Fatty liver disease afflicts at least 40% of men today in the Western world.
And bad fats cause diabetes and fatty liver disease — the PUFAs in vegetable oils.
A fatty liver makes it difficult to process thyroid hormone.
So you can be low in thyroid if you have fatty liver, even though your body is making enough thyroid.
The liver must process thyroid to activate it.
But with fatty liver disease, the liver isn’t up to the job.
A fatty liver also can contribute to diabetes by causing insulin resistance.
It starts in the liver and then it moves to the other tissues.
Insulin resistance is a requirement for diabetes, and long-term insulin resistance can turn into a diabetic affliction.
But what causes fatty liver disease?
And why is it so common today?
Fatty liver disease was very rare 30 or 40 years ago.
This study sheds light on why so many men are getting fatty liver disease:
Researchers looked at tissue of patients with nonalcoholic fatty liver disease, and those without.
And they measured the makeup of the fat in the liver.
They found that people with fatty liver disease had a lot of PUFAs.
They had very high polyunsaturated fatty acid levels in the liver compared to healthy liver people.
It is concluded that a marked enhancement in PUFAs occurs in the liver of NAFLD patients, a condition that may favor lipid synthesis over oxidation and secretion, thereby leading to steatosis.
In other words, excess PUFAs may fill the liver, and the liver doesn’t burn them for energy.
The body will often store PUFA fat instead of burning it.
That is because it is very difficult to burn PUFAs.
And the process causes tremendous free radical formation.
So the liver stores the vegetable and fish oils and the other PUFA fats — and the result is a fatty liver.
But the damage does not stop there.
Now let’s look at another result of excessive consumption of vegetable oils and fish oils.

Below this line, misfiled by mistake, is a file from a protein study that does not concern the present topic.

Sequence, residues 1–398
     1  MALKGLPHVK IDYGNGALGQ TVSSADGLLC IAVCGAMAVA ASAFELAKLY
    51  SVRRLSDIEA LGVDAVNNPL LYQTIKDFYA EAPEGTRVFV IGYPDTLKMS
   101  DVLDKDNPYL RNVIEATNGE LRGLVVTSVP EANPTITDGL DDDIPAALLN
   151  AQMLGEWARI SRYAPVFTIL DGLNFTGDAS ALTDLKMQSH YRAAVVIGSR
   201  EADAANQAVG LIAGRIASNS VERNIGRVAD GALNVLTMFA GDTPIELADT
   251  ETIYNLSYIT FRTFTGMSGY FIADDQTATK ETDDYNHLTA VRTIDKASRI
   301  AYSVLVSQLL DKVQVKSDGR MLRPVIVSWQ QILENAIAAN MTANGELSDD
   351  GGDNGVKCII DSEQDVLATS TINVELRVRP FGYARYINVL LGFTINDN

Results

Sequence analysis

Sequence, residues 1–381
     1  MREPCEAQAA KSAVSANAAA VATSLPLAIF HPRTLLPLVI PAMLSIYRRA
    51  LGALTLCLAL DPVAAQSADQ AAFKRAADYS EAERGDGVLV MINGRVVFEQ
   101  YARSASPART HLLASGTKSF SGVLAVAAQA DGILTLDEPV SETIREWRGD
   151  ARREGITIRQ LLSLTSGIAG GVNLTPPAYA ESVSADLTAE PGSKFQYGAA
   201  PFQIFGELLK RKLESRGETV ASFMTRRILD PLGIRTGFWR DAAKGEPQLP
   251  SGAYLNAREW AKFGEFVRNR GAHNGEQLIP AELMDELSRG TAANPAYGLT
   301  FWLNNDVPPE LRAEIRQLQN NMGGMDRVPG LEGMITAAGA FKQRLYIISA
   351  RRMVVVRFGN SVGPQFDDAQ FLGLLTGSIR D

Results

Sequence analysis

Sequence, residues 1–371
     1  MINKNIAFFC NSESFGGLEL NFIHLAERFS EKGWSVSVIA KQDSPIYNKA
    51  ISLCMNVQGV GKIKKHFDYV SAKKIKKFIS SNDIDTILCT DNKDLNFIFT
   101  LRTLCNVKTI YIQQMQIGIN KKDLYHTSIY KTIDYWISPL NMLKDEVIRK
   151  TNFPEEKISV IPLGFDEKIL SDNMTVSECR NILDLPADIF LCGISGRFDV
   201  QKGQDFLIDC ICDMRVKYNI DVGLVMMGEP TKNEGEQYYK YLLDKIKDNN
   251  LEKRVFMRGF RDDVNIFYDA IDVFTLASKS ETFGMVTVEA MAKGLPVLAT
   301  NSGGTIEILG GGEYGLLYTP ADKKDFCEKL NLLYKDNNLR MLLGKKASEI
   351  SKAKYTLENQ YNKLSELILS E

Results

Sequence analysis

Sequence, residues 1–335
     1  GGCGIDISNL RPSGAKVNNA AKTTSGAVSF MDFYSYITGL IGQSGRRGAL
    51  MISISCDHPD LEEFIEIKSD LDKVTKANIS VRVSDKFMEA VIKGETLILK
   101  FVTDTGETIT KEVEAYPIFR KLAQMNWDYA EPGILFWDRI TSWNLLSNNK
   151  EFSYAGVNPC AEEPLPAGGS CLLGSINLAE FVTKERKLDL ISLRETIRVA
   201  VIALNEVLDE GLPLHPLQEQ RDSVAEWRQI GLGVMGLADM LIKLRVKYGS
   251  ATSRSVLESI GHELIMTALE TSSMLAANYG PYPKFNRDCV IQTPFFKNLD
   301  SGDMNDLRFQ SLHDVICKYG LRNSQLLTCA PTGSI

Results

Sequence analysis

This time in the pancreas.
Researchers in this study examined the pancreas from obese people.
They found that obese people have a pancreas is that her loaded with pancreatic fat — which is high in PUFAs.
The researchers found that these unsaturated fats were very inflammatory.
And they caused the death of cells, potentially including the beta cells that produce insulin.
But what about saturated fats?
They’re considered evil in the medical and nutrition worlds, so they must have done more damage than PUFAs, right?
Diabetes and fat, fat and diabetes — they go together, don’t they?
Well — no.
Saturated fats did not cause any problems.
Unsaturated fatty acids were pro-inflammatory, causing necrosis (CELL DEATH). Saturated fatty acids had no such effects.
A finding like this is enormously important.
As we learn more and more, we find that the body stores unsaturated fats rather burning them for energy.
These unsaturated fats wreak havoc in the body.
They cause damage to our liver, our pancreas, and probably every other organ of the body — including the brain.
- Increase in long-chain polyunsaturated fatty acid n - 6/n - 3 ratio in relation to hepatic steatosis in patients with non-alcoholic fatty liver disease
- Lipotoxicity Causes Multisystem Organ Failure and Exacerbates Acute Pancreatitis in Obesity
- Facts about saturated fats: MedlinePlus Medical Encyclopedia
- The truth about fats: the good, the bad, and the in-between